We present kilohertz-scale video capture rates in a transmission electron microscope, using a camera normally limited to hertz-scale acquisition. An electrostatic deflector rasters a discrete array of images over a large camera, decoupling the acquisition time per subframe from the camera readout time. Total-variation regularization allows features in overlapping subframes to be correctly placed in each frame. Moreover, the system can be operated in a compressive-sensing video mode, whereby the deflections are performed in a known pseudorandom sequence. Compressive sensing in effect performs data compression before the readout, such that the video resulting from the reconstruction can have substantially more total pixels than that were read from the camera. This allows, for example, 100 frames of video to be encoded and reconstructed using only 15 captured subframes in a single camera exposure. We demonstrate experimental tests including laser-driven melting/dewetting, sintering, and grain coarsening of nanostructured gold, with reconstructed video rates up to 10 kHz. The results exemplify the power of the technique by showing that it can be used to study the fundamentally different temporal behavior for the three different physical processes. Both sintering and coarsening exhibited self-limiting behavior, whereby the process essentially stopped even while the heating laser continued to strike the material. We attribute this to changes in laser absorption and to processes inherent to thin-film coarsening. In contrast, the dewetting proceeded at a relatively uniform rate after an initial incubation time consistent with the establishment of a steady-state temperature profile.

Transmission electron microscopy (TEM) is increasingly beset by data-throughput limitations, dictated in part by readout rates of TEM cameras. Part of the reason is the rise of TEM techniques yielding data of more than two dimensions, with additional dimensions including time (dynamic, ultrafast, and in situ TEM), tilt angle or depth (tomography), energy (electron energy loss, energy-dispersive x-ray, and cathodoluminescence spectrum imaging), and two-dimensional scattering angles [the field most generally called 4D-STEM, including scanning TEM (STEM) diffraction, orientation imaging, electron ptychography, and some forms of fluctuation electron microscopy].1–7 These operating modes demand extreme data throughput and can be severely limited by a given instrument's data capture bottleneck.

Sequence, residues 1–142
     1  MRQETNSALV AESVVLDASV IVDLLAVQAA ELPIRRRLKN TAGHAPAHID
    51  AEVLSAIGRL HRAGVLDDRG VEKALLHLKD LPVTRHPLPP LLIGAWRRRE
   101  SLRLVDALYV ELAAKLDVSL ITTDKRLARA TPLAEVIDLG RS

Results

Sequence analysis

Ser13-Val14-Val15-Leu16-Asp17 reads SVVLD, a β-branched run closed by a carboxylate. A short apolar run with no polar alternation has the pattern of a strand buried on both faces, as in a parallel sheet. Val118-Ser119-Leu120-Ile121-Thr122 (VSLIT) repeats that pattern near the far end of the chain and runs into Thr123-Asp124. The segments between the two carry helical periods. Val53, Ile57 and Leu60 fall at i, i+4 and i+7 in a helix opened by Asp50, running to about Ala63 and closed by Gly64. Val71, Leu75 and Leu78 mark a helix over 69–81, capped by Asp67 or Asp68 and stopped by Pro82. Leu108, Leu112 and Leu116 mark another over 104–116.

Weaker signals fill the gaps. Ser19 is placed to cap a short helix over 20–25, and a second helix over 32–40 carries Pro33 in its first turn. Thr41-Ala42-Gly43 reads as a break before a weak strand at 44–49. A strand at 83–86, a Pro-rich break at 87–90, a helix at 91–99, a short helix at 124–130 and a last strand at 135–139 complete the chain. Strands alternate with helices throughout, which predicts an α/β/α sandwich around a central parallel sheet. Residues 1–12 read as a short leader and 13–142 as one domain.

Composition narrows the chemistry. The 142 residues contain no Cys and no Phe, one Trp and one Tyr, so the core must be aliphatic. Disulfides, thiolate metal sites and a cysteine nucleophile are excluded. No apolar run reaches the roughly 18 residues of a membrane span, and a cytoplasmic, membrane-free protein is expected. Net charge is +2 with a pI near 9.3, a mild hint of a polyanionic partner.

In particular, in situ TEM is an excellent platform for studying nanoscale material processes, but often these processes are too fast for conventional TEM cameras. Prime examples include pulsed-laser modification of nanoscale materials, including sintering and dewetting of nanoparticle aggregates and coarsening of nanocrystalline material, all of which are relevant to technological applications. Pulsed-laser sintering of particle aggregates, for example, is a core process for many additive manufacturing technologies.8 There are extremely few tools for monitoring this process on its natural length and time scales. Movie-Mode Dynamic TEM (MM-DTEM)4,9 offers burst-mode multimegahertz TEM imaging frame rates, but only a small number of such instruments exist, and the number of frames per event is currently limited to 16. Multikilohertz high-frame-count TEM video acquisition would therefore be an essential enabling technology for a large and timely class of nanoscale materials dynamics studies. Lacking such tools, studies are often limited to microstructural before-and-after comparisons and are blind to the crucial transient states that explain “why” the microstructure changed in the way that it did.